Surprises in creative thinking 1

May 10, 2002

Must we be so coy about the connection between bums on seats and dumbing down ("They sign on, turn up but fail to tune in", THES , May 3)? Of course these are facts of modern academic life: that many students cannot think and do not want to (but a few do); that technology and modularisation can render material simplistic (but do not have to); that standards fall under the eyes of the Quality Assurance Agency; and so on.

What we should be more incredulous about is that the government funds any critical and creative thinking at all. What is really wanted is cheap, low-salaried teaching by numbers, conveyor-belt training and accreditation, and quiescent job-market fodder. The Department for Education and Skills and university administrations may claim otherwise, but academics who apply analytical thinking (or even common sense) to topics such as the absurdities of the research assessment exercise and the QAA, the relationship between increasing student numbers, higher teaching loads, poorer administrative support, the demise of sabbaticals and all-round dumbing down, had better save their breath.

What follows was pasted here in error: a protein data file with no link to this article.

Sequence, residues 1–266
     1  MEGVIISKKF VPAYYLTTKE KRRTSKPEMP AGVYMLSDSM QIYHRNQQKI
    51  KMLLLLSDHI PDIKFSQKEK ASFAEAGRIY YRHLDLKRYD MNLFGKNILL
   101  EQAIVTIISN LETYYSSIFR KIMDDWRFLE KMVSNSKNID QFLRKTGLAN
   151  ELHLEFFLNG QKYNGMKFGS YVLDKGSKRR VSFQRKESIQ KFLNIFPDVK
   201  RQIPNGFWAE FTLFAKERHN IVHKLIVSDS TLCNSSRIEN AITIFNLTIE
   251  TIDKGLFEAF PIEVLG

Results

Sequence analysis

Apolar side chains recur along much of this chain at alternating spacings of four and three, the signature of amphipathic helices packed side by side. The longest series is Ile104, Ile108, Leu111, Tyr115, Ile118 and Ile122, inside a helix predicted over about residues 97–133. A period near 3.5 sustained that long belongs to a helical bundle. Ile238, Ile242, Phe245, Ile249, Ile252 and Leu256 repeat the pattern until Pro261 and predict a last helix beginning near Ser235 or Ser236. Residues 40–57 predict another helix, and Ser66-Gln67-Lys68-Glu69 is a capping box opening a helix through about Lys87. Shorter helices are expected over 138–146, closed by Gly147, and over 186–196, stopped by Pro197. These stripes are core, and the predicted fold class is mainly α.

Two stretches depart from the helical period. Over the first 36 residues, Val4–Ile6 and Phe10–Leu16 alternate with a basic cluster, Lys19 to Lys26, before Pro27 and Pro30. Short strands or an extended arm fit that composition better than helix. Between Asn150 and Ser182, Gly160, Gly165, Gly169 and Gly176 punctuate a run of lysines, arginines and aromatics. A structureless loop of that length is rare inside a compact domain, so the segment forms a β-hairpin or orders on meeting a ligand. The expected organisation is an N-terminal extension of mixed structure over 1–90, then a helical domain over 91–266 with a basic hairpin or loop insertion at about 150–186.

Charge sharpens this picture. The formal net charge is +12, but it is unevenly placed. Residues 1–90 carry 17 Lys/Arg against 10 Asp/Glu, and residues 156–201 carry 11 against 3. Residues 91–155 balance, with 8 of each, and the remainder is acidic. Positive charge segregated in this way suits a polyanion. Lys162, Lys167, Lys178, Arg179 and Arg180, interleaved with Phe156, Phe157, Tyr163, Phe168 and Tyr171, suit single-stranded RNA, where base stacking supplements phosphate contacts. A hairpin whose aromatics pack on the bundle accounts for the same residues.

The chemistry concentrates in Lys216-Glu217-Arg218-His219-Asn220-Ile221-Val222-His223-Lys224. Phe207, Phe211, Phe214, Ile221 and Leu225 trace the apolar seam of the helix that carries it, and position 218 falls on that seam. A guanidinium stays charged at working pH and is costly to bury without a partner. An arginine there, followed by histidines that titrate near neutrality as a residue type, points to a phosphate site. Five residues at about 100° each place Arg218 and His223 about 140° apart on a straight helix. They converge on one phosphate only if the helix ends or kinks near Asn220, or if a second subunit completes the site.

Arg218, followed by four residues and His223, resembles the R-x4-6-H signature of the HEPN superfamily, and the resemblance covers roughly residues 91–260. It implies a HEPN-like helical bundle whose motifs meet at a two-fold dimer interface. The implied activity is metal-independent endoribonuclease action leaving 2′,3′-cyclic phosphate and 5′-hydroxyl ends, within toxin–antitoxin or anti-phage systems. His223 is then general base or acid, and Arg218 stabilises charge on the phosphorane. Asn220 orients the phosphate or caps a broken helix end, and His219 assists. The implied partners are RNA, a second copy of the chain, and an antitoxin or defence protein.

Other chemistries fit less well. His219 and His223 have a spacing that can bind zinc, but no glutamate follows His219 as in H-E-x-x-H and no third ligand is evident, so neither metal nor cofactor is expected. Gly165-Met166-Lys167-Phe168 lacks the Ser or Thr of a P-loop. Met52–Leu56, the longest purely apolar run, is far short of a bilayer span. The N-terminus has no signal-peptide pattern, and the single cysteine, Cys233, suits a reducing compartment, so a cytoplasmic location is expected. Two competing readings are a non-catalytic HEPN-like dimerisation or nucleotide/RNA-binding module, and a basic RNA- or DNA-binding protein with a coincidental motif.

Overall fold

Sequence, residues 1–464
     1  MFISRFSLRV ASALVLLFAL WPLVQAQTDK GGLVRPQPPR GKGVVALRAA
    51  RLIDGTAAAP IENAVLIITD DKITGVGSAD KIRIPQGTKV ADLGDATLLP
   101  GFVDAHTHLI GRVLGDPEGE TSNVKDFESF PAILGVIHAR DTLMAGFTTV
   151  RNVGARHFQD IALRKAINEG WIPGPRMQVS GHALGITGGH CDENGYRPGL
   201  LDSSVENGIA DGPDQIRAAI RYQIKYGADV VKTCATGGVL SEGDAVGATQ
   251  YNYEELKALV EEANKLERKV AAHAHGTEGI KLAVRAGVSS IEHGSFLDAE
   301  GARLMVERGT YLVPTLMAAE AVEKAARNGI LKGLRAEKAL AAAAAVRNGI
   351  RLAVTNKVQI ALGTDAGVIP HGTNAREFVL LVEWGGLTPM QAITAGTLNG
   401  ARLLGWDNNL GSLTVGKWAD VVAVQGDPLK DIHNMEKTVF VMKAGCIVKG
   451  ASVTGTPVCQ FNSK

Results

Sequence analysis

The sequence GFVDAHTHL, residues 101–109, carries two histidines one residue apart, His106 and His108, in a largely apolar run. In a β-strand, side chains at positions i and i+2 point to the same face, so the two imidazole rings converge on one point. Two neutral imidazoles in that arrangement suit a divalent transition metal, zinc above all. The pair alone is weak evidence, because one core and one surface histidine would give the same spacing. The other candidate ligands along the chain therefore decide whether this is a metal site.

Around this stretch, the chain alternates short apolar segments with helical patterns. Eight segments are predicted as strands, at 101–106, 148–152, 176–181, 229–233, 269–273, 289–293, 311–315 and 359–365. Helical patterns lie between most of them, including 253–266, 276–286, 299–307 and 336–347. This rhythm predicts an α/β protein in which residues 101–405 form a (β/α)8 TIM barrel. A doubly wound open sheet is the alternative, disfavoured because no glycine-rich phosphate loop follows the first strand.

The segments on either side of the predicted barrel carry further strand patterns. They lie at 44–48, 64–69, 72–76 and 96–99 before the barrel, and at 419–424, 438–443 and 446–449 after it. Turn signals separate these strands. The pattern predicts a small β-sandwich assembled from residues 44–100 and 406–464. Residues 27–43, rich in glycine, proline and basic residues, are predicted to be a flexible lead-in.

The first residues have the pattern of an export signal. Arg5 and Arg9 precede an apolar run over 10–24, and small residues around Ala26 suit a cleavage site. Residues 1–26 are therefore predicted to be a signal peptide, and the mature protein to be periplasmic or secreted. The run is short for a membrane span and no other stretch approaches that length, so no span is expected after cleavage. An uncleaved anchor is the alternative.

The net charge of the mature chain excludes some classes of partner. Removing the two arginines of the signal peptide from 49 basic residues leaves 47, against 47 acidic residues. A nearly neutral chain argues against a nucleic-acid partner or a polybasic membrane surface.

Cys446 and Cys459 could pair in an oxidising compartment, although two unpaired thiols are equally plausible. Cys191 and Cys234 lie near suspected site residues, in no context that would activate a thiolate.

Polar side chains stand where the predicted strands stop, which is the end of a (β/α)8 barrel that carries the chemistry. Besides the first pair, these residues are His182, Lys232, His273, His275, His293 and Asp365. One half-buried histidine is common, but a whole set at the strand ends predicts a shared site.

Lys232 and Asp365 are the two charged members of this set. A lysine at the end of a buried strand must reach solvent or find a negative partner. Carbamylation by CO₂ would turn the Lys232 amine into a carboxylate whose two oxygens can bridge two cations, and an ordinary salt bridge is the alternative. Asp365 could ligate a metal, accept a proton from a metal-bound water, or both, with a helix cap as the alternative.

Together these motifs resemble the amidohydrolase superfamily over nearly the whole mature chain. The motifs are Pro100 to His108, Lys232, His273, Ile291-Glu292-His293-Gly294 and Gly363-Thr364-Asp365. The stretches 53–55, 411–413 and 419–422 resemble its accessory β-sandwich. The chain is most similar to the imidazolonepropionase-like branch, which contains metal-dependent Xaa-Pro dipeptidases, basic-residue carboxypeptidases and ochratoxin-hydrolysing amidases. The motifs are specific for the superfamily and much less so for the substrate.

Colin Feltham
Reader in counselling
Sheffield Hallam University

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